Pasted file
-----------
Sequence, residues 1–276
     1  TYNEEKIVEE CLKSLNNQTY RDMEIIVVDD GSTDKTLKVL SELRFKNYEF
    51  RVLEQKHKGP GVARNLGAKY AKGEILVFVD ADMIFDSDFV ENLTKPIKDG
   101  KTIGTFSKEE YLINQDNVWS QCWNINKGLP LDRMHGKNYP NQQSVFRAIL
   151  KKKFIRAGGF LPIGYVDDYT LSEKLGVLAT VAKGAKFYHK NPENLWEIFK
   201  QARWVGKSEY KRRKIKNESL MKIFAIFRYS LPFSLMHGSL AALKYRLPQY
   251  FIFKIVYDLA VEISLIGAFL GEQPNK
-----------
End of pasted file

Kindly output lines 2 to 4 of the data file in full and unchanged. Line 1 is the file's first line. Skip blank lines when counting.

     1  TYNEEKIVEE CLKSLNNQTY RDMEIIVVDD GSTDKTLKVL SELRFKNYEF
    51  RVLEQKHKGP GVARNLGAKY AKGEILVFVD ADMIFDSDFV ENLTKPIKDG
   101  KTIGTFSKEE YLINQDNVWS QCWNINKGLP LDRMHGKNYP NQQSVFRAIL